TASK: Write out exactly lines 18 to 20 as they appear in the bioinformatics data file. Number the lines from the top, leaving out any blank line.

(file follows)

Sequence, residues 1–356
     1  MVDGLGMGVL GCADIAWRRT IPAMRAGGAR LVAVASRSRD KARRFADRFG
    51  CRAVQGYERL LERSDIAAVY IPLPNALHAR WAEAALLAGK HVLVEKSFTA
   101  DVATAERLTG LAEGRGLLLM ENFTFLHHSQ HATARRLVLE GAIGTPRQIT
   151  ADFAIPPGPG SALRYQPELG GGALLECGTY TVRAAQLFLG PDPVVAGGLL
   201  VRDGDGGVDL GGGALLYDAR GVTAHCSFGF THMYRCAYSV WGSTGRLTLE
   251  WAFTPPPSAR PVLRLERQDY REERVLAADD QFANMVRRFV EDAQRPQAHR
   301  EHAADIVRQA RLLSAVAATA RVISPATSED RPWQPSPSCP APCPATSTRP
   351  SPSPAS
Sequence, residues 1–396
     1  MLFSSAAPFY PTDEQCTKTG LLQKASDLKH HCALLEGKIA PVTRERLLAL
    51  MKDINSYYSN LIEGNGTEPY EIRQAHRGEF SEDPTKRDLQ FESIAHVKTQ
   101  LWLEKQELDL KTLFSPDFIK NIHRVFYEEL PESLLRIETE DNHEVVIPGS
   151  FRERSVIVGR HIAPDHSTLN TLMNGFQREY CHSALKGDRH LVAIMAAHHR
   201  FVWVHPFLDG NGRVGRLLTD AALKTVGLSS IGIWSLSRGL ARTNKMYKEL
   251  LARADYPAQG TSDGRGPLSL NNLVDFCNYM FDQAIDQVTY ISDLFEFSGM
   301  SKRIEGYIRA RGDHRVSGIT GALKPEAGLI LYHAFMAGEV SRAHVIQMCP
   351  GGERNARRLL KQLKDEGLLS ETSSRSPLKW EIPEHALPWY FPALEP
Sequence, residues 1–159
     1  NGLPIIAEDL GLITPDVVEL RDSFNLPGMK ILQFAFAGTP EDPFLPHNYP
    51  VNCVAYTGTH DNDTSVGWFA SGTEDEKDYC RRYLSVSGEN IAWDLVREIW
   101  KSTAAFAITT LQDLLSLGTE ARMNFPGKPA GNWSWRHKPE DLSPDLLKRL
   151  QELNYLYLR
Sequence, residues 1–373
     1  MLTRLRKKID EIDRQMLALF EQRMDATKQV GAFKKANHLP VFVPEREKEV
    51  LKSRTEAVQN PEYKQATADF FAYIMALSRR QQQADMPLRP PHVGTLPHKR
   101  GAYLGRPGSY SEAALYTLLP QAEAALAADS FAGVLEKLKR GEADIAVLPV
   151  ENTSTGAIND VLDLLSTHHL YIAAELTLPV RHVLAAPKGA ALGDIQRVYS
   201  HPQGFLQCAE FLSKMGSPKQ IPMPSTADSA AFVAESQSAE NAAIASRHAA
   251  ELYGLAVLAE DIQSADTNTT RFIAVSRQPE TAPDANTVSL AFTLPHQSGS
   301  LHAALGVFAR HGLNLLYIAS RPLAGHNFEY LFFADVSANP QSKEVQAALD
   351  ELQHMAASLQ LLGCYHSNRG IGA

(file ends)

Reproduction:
   351  GGERNARRLL KQLKDEGLLS ETSSRSPLKW EIPEHALPWY FPALEP
Sequence, residues 1–159
     1  NGLPIIAEDL GLITPDVVEL RDSFNLPGMK ILQFAFAGTP EDPFLPHNYP